Death Row

Debra Milke's Overturned Conviction for Killing Son in '89 to Be Appealed by AZ Attorney General Tom Horne

Debra Milke, on Death Row since her 1990 conviction for conspiring to have her 4-year-old son killed in 1989, won't be released from prison anytime soon.

The federal Ninth Circuit Court of Appeals overturned Milke's conviction yesterday, raising the possibility that she could be set free in 30 days. But today, Arizona Attorney General Tom Horne announced he definitely will appeal the court's decision, which means Milke isn't going anywhere -- for now.

See also: Debra Milke's Convictions Overturned in Son's Murder, After Two Decades on Death Row

See also: Debbie Milke Was Convicted of Murdering Her Own Child, Now She May Win Her Freedom (or, At Least, a New Trial)

Horne's office released an e-mail today stating:

We will be appealing this decision to the U.S. Supreme Court. If the Court takes the appeal, I will argue it personally as I have done in two previous cases over the past five months. In my last case, the Supreme Court accepted my argument and overruled the Ninth Circuit's decision unanimously.

In this case, Ms. Milke was found to have arranged the killing of her own son, a four-year-old toddler, because he was too much of a burden and interfering with her life. After dressing him up and telling him he was going to the mall to see Santa Claus, Milke was convicted of sending her young son off to be shot, execution style, in a desert wash.

This is a horrible crime. The Ninth Circuit's decision needs to be reversed, and justice for Christopher needs to be served.

The Ninth's decision centers on the credibility of a key witness in the case, former Phoenix police detective Armando Saldate. The cop had claimed that Milke waived her Miranda rights and confessed to the conspiracy to have Christopher killed by two male acquaintances, Jim Styers and Roger Scott (who were also sentenced to death row). Allegations later surfaced that the cop had lied to grand juries previously and somehow had managed to extract confessions from unconscious suspects.

Milke was never accused of actually carrying out the crime. Scott, who cracked after many hours of interrogation, told police that he and Styers took the kid to Peter Piper Pizza, then told him they were going to look for snake holes in the desert. In a desert wash at 99th Avenue and Happy Valley Road, Styers fired three bullets into the back of Christopher's head.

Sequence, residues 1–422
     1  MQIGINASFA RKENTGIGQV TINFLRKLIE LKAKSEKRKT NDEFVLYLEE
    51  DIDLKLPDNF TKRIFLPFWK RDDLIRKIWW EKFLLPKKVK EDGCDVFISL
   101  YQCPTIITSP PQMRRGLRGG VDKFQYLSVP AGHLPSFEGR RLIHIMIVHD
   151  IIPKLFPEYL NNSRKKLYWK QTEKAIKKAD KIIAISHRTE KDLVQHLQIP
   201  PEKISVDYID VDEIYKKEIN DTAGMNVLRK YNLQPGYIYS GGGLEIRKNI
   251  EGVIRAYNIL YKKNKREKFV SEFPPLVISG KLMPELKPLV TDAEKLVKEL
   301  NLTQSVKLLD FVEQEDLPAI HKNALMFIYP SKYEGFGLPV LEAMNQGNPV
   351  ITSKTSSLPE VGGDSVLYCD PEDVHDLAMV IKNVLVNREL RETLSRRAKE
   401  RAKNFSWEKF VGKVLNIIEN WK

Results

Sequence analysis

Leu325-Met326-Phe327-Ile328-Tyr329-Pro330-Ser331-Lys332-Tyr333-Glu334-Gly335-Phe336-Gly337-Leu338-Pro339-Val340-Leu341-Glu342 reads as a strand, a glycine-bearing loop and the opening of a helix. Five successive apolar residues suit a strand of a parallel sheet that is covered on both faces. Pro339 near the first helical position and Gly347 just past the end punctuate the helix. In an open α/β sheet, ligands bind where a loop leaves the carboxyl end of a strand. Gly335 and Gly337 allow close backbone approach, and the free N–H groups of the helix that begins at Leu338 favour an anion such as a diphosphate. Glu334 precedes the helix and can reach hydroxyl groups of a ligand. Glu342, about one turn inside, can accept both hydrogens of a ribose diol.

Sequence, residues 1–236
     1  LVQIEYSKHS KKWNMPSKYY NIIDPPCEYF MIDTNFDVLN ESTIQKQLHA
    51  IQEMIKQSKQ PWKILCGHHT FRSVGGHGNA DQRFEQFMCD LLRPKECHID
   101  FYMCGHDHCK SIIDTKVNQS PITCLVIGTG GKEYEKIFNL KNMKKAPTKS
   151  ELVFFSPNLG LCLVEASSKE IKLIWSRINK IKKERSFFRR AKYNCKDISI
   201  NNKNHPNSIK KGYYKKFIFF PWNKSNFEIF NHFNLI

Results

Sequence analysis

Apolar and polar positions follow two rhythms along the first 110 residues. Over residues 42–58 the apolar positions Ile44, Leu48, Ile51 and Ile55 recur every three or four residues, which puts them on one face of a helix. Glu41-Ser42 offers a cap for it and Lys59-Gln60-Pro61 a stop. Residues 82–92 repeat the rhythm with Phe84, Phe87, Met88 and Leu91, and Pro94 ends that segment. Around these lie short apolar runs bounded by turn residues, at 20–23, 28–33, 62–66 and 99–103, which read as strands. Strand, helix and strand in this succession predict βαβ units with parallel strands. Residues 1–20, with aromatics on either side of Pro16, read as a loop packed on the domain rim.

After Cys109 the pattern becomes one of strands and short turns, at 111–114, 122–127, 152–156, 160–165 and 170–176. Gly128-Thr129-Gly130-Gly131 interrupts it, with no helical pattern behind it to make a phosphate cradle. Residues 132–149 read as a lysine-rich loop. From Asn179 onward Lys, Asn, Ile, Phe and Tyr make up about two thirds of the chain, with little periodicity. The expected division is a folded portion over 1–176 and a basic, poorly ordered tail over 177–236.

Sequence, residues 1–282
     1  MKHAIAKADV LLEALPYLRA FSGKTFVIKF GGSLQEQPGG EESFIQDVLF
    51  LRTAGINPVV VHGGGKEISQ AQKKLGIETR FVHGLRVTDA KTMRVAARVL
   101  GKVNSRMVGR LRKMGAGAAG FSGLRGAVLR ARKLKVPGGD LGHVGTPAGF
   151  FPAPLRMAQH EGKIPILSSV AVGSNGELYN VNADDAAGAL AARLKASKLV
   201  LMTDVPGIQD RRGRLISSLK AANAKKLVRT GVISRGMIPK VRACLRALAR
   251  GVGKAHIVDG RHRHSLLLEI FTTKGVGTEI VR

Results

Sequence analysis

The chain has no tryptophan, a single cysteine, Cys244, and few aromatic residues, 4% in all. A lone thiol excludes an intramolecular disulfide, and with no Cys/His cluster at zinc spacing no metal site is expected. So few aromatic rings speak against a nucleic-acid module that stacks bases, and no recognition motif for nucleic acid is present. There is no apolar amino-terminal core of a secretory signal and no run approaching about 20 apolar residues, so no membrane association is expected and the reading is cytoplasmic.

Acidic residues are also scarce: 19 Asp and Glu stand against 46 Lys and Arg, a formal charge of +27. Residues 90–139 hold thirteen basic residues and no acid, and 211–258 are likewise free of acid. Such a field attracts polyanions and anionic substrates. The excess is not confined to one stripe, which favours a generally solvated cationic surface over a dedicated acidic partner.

Milke was implicated in the plot by Scott, as a 1991 New Times article describes:

Debbie had promised Styers most of the $5,000 from a life insurance policy on Christopher, Scott confessed. Scott was to be paid $250 for driving the getaway car. The men left Christopher's body where it would eventually be discovered.

The 1991 article describes how Milke's seemingly cold-hearted personality on the witness stand helped convince the jury she was guilty. Detective Saldate didn't record Milke's alleged confession, but he testified that she told him, "I just made a bad judgment call. I'm just an emotionally troubled 25-year-old girl who needs help in dealing with her problems."

Without Milke's involvement as a potential motive for Styers and Scott, the men's murder of a 4-year-old doesn't make much sense.

But if the case goes to another jury and Detective Saldate's testimony can't be used, an implied motive and the testimony of Scott may or may not be enough to re-convict Milke.

The first paragraph of Horne's statement suggests the state Attorney General knows how to steer the U.S. Supreme Court his way. If he's right about that, Milke won't get her second chance at freedom.

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Ray Stern has worked as a newspaper reporter in Arizona for more than two decades. He's won numerous awards for his reporting, including the Arizona Press Club's Don Bolles Award for Investigative Journalism.